Wednesday was also one of the hottest days of the week, which perhaps wasn't the most sensible time to go down to a big, dusty, busy city. In fact, we went shopping in the afternoon around Oxford Circus, and I wasn't at all surprised to hear on the news that the following day many of the shops we had visited had had to close due to power-cuts caused by too high a demand on air-conditioning systems. Still, we managed, and although we didn't really buy anything in the end, we had a very nice lunch (mmm, grilled halloumi!) and some much-needed iced coffees before getting on the train.

That was probably the last visit I'll make to London before I go off up to Leeds: but definitely a good one.

strange_complex: (Clone Army)
Question meme from [livejournal.com profile] kkjxx:

1. Elaborate on your default icon.
Essentially, it's me doing something I love in spite of the weather, on a particularly significant New Year's Day. The full story is here.

2. What's your current relationship status?
Single and with no desire to change that.

3. Ever have a near-death experience?
No, and I don't think I've ever really been in serious danger of dying, either. I've been pretty ill a couple of times, including one quite dramatic entry into hospital, but that's all.

4. Name an obvious quality you have.
Not doing too badly in the brains department.

5. What's the name of the song that's stuck in your head right now?
Er, not too sure. I think it's an instrumental section from something by Handel, but I only really have one tiny phrase in my head - not enough to work out the rest of it.

6. Name a celebrity you would marry:
I think Stephen Fry definitely fits the bill there! I'm pretty sure it would be a non-sexual relationship by mutual agreement, but just generally getting to live with him and spend lots of time talking with him would be ace.

7. Who will cut and paste this first?
I'm not sure anyone will. Maybe [livejournal.com profile] captainlucy?

8. Has anyone ever said you look like a celebrity?
I was once compared to Siouxsie of 'The Banshees' fame - although that was ages ago, and I had black back-combed hair and was wearing black and purple PVC at the time. Then again, I've also been compared to Charles Hawtree... :-( If anyone has any more up-to-date / flattering suggestions, I'm listening!

9. Do you wear a watch? What kind?
Yes, a beautiful sparkly one covered in Swarovski crystals, which a lot of people don't realise is a watch at first, and think is a pretty bracelet instead. It looks like this, except that the crystals inside each link are lilac instead of clear.

10. Do you have anything pierced?
Yes - three holes in one ear, four in the other and one in my belly button.

11. Do you have any tattoos?
No, and don't want one. There's just no one symbol that means so much to me that I want it permanently engraved on my body - especially given that even the best tattoos do look kinda dodgy after 20 years or so.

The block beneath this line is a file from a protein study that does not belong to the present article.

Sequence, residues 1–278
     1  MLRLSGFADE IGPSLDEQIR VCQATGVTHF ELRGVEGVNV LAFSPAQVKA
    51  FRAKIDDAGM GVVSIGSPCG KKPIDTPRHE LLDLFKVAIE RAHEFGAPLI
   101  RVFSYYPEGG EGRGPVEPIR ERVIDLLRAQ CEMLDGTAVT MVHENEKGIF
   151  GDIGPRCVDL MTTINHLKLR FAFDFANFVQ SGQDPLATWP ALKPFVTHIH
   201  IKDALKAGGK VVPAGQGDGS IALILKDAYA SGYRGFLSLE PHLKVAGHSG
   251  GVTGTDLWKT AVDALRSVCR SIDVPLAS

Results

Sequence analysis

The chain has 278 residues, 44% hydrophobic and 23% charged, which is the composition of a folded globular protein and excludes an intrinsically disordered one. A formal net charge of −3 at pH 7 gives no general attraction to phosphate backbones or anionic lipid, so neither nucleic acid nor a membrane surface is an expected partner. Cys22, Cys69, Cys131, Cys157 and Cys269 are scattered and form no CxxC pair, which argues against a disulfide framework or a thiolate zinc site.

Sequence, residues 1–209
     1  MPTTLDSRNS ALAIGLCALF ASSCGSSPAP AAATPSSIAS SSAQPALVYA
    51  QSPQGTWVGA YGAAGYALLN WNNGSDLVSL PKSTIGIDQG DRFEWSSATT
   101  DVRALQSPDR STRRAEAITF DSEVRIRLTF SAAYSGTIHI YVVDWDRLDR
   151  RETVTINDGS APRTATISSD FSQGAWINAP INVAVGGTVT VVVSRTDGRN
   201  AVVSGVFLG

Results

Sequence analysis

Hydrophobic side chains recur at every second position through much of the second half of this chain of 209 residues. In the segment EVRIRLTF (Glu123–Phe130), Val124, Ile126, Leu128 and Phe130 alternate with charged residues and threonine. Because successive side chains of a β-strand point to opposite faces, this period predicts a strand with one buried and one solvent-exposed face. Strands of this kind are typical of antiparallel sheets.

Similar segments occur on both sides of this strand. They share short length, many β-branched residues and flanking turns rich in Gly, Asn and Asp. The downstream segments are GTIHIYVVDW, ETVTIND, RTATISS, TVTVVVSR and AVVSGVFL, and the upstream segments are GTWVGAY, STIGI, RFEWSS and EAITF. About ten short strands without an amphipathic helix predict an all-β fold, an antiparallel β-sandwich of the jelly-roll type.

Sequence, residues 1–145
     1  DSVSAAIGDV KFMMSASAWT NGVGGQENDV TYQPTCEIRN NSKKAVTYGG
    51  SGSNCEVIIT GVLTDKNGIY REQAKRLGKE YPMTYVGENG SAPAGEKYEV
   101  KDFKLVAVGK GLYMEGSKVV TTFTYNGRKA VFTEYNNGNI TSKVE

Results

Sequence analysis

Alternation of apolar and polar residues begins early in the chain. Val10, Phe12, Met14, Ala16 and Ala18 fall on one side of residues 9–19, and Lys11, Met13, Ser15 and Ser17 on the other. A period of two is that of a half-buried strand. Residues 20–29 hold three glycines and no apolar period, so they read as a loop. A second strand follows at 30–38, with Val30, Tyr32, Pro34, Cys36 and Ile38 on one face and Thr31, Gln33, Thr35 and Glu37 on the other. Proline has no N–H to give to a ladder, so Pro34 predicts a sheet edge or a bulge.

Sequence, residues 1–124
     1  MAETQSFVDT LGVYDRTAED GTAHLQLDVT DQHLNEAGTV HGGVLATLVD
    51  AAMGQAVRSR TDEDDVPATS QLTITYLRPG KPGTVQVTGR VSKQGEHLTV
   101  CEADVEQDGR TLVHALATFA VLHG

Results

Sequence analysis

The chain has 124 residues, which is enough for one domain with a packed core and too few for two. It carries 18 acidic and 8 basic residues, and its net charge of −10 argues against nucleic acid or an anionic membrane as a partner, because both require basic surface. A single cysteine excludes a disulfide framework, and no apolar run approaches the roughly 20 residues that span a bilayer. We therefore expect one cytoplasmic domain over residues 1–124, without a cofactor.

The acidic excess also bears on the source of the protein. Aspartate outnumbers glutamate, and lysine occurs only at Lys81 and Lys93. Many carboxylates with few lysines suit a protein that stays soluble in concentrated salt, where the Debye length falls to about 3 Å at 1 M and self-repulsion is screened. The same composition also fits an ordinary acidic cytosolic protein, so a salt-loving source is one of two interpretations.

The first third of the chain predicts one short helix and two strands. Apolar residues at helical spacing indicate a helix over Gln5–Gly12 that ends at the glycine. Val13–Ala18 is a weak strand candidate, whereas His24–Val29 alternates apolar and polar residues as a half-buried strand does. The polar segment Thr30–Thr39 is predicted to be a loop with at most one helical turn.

12. Do you like pain?
Not for its own sake, no.

13. Do you like to shop?
I like the things I get by shopping, but don't particularly enjoy the actual process.

14. What was the last thing you paid for with cash?
An orange juice while out shopping on Saturday afternoon with Cie.

15. What was the last thing you paid for with your credit card?
My shopping in Sainsbury's this morning. Although strictly, that was a debit card - I don't actually have a credit card, because it's an extortionate way to borrow money, and a debit card offers the same convenience.

16. Who was the last person you spoke to on the phone?
Dad yesterday afternoon, about flat-buying stuff.

17. What is on your desktop background?
Lord Summerisle, speaking his "A heathen conceivably, but not, I hope, an unenlightened one" line in The Wicker Man.

18. What is the background on your cell phone?
Alessandro Moreschi, aged c. 25 - the second picture from the left on my colour bar, except not orange.

19. Do you like redheads?
Well, yes - if they're nice people. Not just because their hair is red, though.

20. Do you know any twins?
Er, I can't think of any just now. I've a vague idea that I know someone who has a twin, but I don't really know the twin. Obviously it's not had much impact on me, though, since I can't even be sure who that person might be.

21. Do you have any weird relatives?
Not outrageously weird - just normal-human-being weird.

22. What was the last movie you watched?
Farinelli: il Castrato, which BBC4 showed recently in connection with their documentary on the castrati. I'd seen it years ago and remembered it being dreadful, but thought I'd give it another try now that I know so much more about both Farinelli and Handel (who appears as a character in the film). My verdict? What a pile of unadulterated tripe - I was right about it first time round!

23. What was the last book you read?
A Short History of The British School At Rome by Peter Wiseman. Excellent book, really enjoyed it.